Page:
Meet the ICRA 2018 plenary speakers
Professor Rodney Brooks
Presentation title: Robots and People; the Research Challenge
Rodney Brooks is the Panasonic Professor of Robotics (Emeritus) at the Massachusetts Institute of Technology where he was director of the Computer Science and Artificial Intelligence Laboratory (CSAIL) until 2007. He completed an M.Sc. at the Flinders University of South Australia (with a thesis in Machine Learning, and no, it is way too embarrassing to share), and then a machine vision Ph.D. in Computer Science at Stanford University in 1981. He was a post-doc at CMU and MIT, and on the faculty at Stanford from 1983-1984, before joining the MIT faculty. His research has concentrated on machine vision, mobile robots, humanoid robots, and Artificial Life. In addition he was co-founder of iRobot Corporation, and founder of Rethink Robotics. He is a member if the US National Academy of Engineering, a Fellow of the Australia Academy of Science and a Fellow of the Australian Academy of Technology and Engineering.
Presentation Title: Deep reinforcement learning for real-world challenges
Raia Hadsell, a senior research scientist at DeepMind, has worked on deep learning and robotics problems for over 10 years. Her early research developed the notion of manifold learning using Siamese networks, which has been used extensively for invariant feature learning. After completing a PhD with Yann LeCun, which featured a self-supervised deep learning vision system for a mobile robot, her research continued at Carnegie Mellon’s Robotics Institute and SRI International, and in early 2014 she joined DeepMind in London to study artificial general intelligence. Her current research focuses on the challenge of continual learning for AI agents and robots. While deep RL algorithms are capable of attaining superhuman performance on single tasks, they often cannot transfer that performance to additional tasks, especially if experienced sequentially. She has proposed neural approaches such as policy distillation, progressive nets, and elastic weight consolidation to solve the problem of catastrophic forgetting for agents and robots.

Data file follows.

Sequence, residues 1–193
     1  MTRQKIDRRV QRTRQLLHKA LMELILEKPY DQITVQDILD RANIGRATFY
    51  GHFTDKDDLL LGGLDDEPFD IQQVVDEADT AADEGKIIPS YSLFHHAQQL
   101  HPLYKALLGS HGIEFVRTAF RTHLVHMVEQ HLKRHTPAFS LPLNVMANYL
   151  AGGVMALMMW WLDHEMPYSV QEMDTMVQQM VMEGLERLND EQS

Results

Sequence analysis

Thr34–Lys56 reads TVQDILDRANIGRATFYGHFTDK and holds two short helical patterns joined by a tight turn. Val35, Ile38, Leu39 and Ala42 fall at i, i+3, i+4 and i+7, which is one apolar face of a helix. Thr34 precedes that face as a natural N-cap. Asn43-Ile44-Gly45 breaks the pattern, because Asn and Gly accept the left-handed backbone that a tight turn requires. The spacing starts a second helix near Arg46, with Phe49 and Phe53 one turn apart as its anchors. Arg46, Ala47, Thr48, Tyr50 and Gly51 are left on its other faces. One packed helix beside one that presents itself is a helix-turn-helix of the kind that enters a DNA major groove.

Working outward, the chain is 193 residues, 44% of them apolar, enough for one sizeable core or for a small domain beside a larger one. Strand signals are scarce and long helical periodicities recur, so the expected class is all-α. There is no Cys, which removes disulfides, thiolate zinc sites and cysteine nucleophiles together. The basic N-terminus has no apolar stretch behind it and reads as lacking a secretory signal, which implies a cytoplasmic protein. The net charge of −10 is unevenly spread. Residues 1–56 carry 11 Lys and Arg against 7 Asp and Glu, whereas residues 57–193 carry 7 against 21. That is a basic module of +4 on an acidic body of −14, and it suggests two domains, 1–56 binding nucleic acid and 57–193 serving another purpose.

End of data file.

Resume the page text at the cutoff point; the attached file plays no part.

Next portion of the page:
Professor Mandyam Srinivasan
Presentation Title: A new perspective on the birds and the bees: Biologically inspired aerial robotics
Srinivasan is a professor at the Queensland Brain Institute and the School of ITEE at the University of Queensland. His research focuses on the principles of visual processing, perception and cognition in simple natural systems, and on the application of these principles to machine vision and robotics. He holds a B.E. in Electrical Engineering from Bangalore University, an M.E. in Electronics from the Indian Institute of Science, a Ph.D. in Engineering and Applied Science from Yale University, a D.Sc. in Neuroethology from the Australian National University, and an Honorary Doctorate from the University of Zurich. He is a Fellow of the Australian Academy of Science, of the Royal Society of London, and of the German Academy of Science, Leopoldina.